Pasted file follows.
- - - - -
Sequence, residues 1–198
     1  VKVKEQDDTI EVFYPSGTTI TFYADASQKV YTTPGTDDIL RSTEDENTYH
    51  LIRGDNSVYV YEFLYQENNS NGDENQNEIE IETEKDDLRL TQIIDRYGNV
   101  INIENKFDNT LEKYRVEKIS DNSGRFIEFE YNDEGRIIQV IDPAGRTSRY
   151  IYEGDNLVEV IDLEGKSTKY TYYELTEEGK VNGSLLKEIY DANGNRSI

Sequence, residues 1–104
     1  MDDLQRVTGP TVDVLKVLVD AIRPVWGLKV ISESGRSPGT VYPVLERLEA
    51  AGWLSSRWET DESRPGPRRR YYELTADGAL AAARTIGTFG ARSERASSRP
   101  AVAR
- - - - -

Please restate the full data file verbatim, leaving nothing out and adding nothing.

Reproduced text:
Sequence, residues 1–198
     1  VKVKEQDDTI EVFYPSGTTI TFYADASQKV YTTPGTDDIL RSTEDENTYH
    51  LIRGDNSVYV YEFLYQENNS NGDENQNEIE IETEKDDLRL TQIIDRYGNV
   101  INIENKFDNT LEKYRVEKIS DNSGRFIEFE YNDEGRIIQV IDPAGRTSRY
   151  IYEGDNLVEV IDLEGKSTKY TYYELTEEGK VNGSLLKEIY DANGNRSI

Sequence, residues 1–104
     1  MDDLQRVTGP TVDVLKVLVD AIRPVWGLKV ISESGRSPGT VYPVLERLEA
    51  AGWLSSRWET DESRPGPRRR YYELTADGAL AAARTIGTFG ARSERASSRP
   101  AVAR